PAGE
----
Meet Evelyn Lee, 35, a registered music therapist and the founder of Prospect Music Therapy, an organisation that uses music therapy methods to promote health and well-being. Her clients’ needs are wide-ranging—from neonatal to palliative care—and among them are infants with complex needs, children with developmental delays, stroke sufferers and the elderly with dementia. Over a jamming session with ISHAN SINGH, Evelyn sheds light on her unique profession and the transformative power of music.
Please tell us more about yourself and what you do.
My role at Prospect Music Therapy involves designing and conducting music therapy for individuals and groups, such as children with special needs, adults with mental health conditions, caregivers and the elderly. I have a Master’s degree in Music Therapy, and Bachelor of Arts in Music and Psychology (with a concentration in Neuropsychology), and am presently pursuing a PhD in Music Therapy.
On your website, you cite community music therapy as a research interest—what is that, in a nutshell, and how does it differ from music therapy?
Music therapy is about using music as a tool to facilitate the expression of an individual’s emotions; similar to other forms of therapy (such as physiotherapy and occupational therapy), the goal is to achieve functional health. Community music therapy, on the other hand, goes beyond the person—it uses music to strengthen community bonds and address the issues facing society as a whole.
People often mistake music therapy for music lessons. How different are they?
In music lessons, we try to understand music by learning how to play instruments better or studying music history. In music therapy, however, mastering of instruments isn’t the focus. Instead, the instruments are used as tools to accomplish other goals, such as alleviating depression.
What are some little-known facts about music therapists?
That we’re very qualified and proficient musicians! Moreover, we use music in a very versatile form; for instance, we don’t just play and sing, but do a lot of improvisation, too. That’s something only skilled musicians equipped with therapeutic knowledge can do.
There’s still some degree of stigma surrounding the term “therapy”. Is that the case for music therapy as well?
Not really. Music itself is a very engaging art form, so applying its use in therapy makes it more appealing to those who are not fond of verbal processing or who are not ready for talk therapy. Music therapy is a very non-confrontational, gentle and—in my opinion—beautiful way of approaching therapy.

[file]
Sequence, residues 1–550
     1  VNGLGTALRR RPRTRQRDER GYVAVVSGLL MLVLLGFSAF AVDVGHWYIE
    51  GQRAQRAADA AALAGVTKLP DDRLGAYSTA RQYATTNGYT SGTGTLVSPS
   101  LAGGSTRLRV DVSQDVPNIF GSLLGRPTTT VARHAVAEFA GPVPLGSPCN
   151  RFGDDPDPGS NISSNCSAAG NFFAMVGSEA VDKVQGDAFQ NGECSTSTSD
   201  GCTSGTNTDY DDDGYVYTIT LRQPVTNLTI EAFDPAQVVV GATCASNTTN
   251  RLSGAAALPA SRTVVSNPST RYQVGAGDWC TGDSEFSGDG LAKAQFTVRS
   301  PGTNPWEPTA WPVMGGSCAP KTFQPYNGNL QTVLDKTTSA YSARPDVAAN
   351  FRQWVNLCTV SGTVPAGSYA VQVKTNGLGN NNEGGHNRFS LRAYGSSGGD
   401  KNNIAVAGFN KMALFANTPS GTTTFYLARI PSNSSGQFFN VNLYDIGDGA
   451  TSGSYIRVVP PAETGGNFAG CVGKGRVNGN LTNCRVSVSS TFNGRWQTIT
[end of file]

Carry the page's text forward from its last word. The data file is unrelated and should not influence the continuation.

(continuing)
What have you learned about mental health, having worked with many clients who struggle with mental illness?
That no matter our cultural or socio-economic backgrounds, we essentially share a common need to be loved, to have a purpose in life, and to form meaningful bonds with others. Having said that, I do believe people (particularly the youth) have to be vigilant about how they use and consume social media. We should remember that pictures we see on Instagram and Facebook aren’t an accurate depiction of someone’s real life and actual experiences, or else we risk trying to meet false expectations and negatively impacting our mental health.
Is all music therapeutic in nature?
No. Music has a tremendous power to make someone feel better, but it can also make them feel worse. Like any tool, it must be used effectively. I’d therefore encourage people to be mindful about what they listen to, and understand that if the music they listen to doesn’t help alleviate their mood, they should reconsider these choices.
Can you share any instances of how music therapy had a positive impact on any of your participants?
Music therapy group experiences can offer an outlet for introverted persons or adolescents struggling with anxiety to be validated, in a non-verbal way. Once, I had a teenager who wrote to me two weeks after the completion of the group therapy, to tell me that the group improvisation allowed her to explore her musicality, without drawing attention to herself. There was also an older man with dementia. He had trouble speaking coherently during a conversation, but when we sung in a musical dialogue (a conversation embedded in musical phrases), he was surprised to be able to recall words and song lyrics easily. This improved his mood tremendously.
Find out more about Evelyn and Prospect Music Therapy at http://www.prospectmusictherapy.com
|Ishan Singh is a second-year undergraduate at the Singapore Management University’s Lee Kong Chian School of Business, and an Editorial Assistant at Social Space Magazine. He spends any spare time he has rapping or producing music, and hopes to pursue a career in music. Passionate about the arts and writing, Ishan hopes to write articles and make videos that shed light on the importance of the arts in our communities. He can be reached at firstname.lastname@example.org|